a history of depression, mental illness, or suicidal thoughts;
kidney disease (or if you are on dialysis);
history of kidney stones;
seizures or epilepsy;
low bone mineral density; or
if you have ever had metabolic acidosis (too much acid in your blood).
Do not use if you are pregnant, and use effective birth control to prevent pregnancy while taking Qsymia. This medicine can harm an unborn baby or cause birth defects. Weight loss during pregnancy also can harm an unborn baby, even if you are overweight. You may need to have a negative pregnancy test before starting this treatment.
Qsymia can cause irregular vaginal bleeding while you are taking birth control pills. This should not make the pills less effective in preventing pregnancy.
It is not known whether phentermine and topiramate passes into breast milk or if it could harm a nursing baby. You should not breast-feed while using this medicine.
Qsymia is not approved for use by anyone younger than 18 years old.
How should I take Qsymia?
Take Qsymia xactly as prescribed by your doctor. Follow all directions on your prescription label. Your doctor may occasionally change your dose to make sure you get the best results. Do not use this medicine in larger or smaller amounts or for longer than recommended.
Phentermine may be habit-forming. Never share Qsymia with another person, especially someone with a history of drug abuse or addiction. Keep the medication in a place where others cannot get to it. Selling or giving away this medicine is against the law.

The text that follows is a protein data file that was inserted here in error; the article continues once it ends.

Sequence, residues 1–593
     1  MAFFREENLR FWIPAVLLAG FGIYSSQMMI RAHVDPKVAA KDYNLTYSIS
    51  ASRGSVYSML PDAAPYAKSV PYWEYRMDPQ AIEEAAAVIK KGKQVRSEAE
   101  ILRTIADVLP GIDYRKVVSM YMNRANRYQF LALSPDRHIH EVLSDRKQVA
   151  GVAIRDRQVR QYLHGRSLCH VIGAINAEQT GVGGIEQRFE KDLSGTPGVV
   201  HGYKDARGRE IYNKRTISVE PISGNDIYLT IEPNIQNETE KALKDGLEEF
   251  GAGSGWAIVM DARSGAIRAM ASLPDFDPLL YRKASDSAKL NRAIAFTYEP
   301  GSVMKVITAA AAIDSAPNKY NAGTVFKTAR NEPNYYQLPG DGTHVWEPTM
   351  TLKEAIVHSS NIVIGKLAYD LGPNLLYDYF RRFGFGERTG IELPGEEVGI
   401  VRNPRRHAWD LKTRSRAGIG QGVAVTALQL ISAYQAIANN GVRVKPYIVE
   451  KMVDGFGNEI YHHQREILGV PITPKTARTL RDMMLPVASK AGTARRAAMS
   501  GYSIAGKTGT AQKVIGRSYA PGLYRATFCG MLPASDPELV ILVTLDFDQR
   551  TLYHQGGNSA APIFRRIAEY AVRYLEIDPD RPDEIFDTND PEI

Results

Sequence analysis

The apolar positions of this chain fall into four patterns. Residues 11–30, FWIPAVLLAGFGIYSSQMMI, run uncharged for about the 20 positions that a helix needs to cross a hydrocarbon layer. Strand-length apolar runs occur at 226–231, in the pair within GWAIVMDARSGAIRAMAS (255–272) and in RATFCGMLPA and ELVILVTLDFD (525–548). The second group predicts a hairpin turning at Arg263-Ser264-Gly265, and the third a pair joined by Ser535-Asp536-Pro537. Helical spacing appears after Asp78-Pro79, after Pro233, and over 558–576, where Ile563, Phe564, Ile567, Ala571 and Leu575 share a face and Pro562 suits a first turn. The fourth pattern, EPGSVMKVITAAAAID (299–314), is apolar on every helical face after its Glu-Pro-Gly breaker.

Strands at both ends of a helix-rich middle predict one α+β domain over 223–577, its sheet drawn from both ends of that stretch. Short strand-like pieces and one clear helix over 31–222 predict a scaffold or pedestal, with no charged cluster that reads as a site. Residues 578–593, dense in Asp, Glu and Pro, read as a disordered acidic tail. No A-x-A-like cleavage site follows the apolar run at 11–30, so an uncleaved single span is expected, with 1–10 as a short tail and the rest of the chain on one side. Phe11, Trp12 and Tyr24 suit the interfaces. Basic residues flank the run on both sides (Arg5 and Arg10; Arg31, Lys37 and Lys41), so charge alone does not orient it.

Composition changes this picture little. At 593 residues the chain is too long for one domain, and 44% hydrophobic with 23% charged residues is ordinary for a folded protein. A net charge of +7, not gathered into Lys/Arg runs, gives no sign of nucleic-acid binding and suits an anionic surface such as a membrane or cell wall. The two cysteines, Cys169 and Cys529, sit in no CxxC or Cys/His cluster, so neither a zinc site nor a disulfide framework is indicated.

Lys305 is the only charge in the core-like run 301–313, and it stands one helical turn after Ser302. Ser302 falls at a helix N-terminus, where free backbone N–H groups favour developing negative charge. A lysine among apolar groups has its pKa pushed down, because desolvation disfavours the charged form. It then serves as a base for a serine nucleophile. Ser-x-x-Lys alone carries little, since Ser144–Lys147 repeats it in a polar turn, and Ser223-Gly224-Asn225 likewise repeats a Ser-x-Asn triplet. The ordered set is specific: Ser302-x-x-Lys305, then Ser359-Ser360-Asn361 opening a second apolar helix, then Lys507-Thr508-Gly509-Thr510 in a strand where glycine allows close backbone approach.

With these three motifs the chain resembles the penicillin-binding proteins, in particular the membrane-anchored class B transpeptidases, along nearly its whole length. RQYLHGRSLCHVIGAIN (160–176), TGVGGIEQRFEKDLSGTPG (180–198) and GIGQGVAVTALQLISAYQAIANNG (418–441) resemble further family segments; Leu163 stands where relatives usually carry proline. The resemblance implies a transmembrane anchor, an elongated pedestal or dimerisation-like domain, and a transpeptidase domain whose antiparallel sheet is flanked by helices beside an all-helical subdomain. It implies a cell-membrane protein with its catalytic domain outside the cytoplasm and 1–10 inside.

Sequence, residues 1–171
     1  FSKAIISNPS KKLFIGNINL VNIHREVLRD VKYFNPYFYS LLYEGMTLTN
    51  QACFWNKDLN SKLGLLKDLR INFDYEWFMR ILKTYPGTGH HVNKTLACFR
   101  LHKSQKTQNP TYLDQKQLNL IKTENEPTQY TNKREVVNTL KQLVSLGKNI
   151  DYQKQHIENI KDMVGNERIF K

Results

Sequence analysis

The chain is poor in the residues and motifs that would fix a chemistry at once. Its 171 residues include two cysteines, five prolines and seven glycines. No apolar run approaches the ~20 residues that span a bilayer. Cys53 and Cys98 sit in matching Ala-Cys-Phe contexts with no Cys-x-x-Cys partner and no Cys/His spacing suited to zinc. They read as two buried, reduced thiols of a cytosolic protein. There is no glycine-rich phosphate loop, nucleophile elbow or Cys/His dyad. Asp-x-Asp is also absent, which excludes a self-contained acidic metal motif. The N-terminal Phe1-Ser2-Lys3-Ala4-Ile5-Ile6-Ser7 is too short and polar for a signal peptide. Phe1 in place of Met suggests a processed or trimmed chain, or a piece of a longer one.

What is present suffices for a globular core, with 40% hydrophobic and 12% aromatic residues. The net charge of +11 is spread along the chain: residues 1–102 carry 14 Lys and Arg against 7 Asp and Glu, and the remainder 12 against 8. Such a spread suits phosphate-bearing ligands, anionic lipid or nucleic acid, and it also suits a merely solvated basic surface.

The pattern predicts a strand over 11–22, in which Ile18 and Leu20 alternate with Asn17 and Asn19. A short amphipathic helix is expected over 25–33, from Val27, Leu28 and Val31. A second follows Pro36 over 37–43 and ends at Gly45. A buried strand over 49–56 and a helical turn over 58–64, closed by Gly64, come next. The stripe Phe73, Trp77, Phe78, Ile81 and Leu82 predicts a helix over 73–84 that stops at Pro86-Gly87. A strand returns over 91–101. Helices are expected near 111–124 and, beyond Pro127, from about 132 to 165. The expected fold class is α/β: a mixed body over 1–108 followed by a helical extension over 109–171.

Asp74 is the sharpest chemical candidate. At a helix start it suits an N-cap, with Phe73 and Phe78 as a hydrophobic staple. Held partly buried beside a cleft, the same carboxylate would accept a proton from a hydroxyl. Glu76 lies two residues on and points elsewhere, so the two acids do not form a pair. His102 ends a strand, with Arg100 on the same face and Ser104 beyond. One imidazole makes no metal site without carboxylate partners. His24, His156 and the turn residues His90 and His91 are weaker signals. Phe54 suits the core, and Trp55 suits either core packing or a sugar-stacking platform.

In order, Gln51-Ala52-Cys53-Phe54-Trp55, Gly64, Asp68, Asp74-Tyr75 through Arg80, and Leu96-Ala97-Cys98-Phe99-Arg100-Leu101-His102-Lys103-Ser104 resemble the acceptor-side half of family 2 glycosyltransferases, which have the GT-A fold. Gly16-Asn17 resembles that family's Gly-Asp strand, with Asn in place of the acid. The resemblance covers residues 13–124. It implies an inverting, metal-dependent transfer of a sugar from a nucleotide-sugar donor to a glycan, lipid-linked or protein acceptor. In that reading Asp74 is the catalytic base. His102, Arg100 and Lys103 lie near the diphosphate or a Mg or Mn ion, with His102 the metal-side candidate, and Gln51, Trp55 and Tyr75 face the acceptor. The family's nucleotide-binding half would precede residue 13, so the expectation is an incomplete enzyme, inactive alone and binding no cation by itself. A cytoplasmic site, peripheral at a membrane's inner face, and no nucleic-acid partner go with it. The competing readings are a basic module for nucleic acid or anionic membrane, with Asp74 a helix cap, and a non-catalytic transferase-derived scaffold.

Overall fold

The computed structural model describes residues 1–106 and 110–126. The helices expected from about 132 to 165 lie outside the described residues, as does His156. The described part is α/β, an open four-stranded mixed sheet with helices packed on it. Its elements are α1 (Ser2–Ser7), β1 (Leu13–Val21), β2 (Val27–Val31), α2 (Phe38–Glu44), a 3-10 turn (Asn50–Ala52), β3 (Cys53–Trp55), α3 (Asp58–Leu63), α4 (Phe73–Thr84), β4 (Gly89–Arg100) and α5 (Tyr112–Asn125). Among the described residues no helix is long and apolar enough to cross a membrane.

You may take Qsymia with or without food.
Do not crush, chew, break, or open an extended-release capsule. Swallow it whole.
Drink plenty of water each day to prevent dehydration or kidney stones while you are taking Qsymia. You can easily become dehydrated while taking this medicine, which can lead to severely low blood pressure or a serious electrolyte imbalance.
You should lose at least 3% of your starting weight during the first 12 weeks of taking this medicine and eating a low calorie diet. Tell your doctor if you do not lose at least 3% of your starting weight after taking this medicine for 12 weeks.
Talk with your doctor if you feel very hungry and think the medicine is not working properly. Taking more medicine will not make it more effective and can cause serious, life-threatening side effects.
You should not stop using Qsymia suddenly or you could have a seizure (convulsions). Follow your doctor's instructions about tapering your dose.